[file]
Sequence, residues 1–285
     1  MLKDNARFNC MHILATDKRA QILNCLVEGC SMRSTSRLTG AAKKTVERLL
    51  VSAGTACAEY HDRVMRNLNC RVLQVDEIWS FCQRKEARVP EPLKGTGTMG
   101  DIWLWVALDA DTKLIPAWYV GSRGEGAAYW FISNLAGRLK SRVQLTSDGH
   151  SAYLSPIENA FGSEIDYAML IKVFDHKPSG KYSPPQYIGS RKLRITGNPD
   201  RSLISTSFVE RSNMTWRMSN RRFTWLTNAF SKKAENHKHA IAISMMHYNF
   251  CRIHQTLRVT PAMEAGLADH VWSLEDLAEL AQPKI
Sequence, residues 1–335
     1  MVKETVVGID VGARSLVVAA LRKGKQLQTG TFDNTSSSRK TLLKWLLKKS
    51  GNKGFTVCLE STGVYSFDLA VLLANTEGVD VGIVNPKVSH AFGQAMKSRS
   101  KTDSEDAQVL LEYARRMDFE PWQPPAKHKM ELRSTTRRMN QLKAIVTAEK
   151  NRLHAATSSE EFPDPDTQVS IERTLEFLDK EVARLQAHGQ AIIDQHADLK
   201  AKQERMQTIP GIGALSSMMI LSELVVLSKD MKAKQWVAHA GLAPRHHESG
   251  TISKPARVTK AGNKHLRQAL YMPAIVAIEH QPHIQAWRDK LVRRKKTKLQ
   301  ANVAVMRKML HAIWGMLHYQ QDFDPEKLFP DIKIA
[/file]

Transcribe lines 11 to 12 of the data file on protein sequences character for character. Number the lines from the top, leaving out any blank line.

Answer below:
   101  KTDSEDAQVL LEYARRMDFE PWQPPAKHKM ELRSTTRRMN QLKAIVTAEK
   151  NRLHAATSSE EFPDPDTQVS IERTLEFLDK EVARLQAHGQ AIIDQHADLK